About 63 per cent of the respondents say that the Congress party understands the solutions to what they think are three of the greatest environmental problems facing the country. Only half that number - 31 per cent - think the bjp understands the solutions. The Communist Party of India-Marxist ( cpi-m ) and the Janata Dal ( jd ) fetched 21 per cent vote each on the same issue.
On the issue of rating Vajpayee's concern for the environment as pm , 42 per cent of the respondents think it is 'nothing worth talking about'; 31 per cent rate his concern as 'very good'; 16 per cent say it is average; and 5 per cent say he is very adverse to environmental concerns. One of the questions in the survey was regarding the effect of a fractured mandate on the environment. Over 68 per cent of the respondents believe that such a mandate will be harmful to the environment, while 21 per cent think that it will not make any difference. About 5 per cent say a fractured mandate will be better for the environment as there will be checks and balances against each coalition partner.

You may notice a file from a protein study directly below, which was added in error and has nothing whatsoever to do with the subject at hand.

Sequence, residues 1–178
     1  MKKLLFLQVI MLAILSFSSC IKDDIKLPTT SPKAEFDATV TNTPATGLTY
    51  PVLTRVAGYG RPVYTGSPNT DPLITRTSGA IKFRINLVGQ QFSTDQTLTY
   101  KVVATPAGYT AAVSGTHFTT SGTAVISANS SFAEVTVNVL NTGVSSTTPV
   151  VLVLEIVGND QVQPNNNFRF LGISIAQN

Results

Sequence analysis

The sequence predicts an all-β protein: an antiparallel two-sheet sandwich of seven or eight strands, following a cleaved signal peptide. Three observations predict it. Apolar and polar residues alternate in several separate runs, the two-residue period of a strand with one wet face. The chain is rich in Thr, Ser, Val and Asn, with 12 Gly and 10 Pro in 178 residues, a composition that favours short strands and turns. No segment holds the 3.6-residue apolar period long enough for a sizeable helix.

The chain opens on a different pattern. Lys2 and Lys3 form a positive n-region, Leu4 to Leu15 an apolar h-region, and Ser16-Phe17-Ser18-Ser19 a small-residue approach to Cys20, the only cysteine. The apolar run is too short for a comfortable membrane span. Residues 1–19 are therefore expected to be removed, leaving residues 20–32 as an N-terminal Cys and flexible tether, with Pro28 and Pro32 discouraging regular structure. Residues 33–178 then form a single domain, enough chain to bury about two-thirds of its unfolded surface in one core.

While the opinion of the civil society definitely indicates the standing of a political party, a political party's manifesto is a good means of measuring its concern or understanding for the environment, especially when seen in relation to the party's performance.
The BJP and allies
The manifesto released by the bjp before the 1998 general elections had a full page on the environment. But in the national agenda for governance, released by the bjp -led National Democratic Alliance ( nda ) after it came to power in March 1998, this was reduced to a single line. In its agenda for the 1999 general elections, released a few days ago, nda has added four more lines of a very general nature.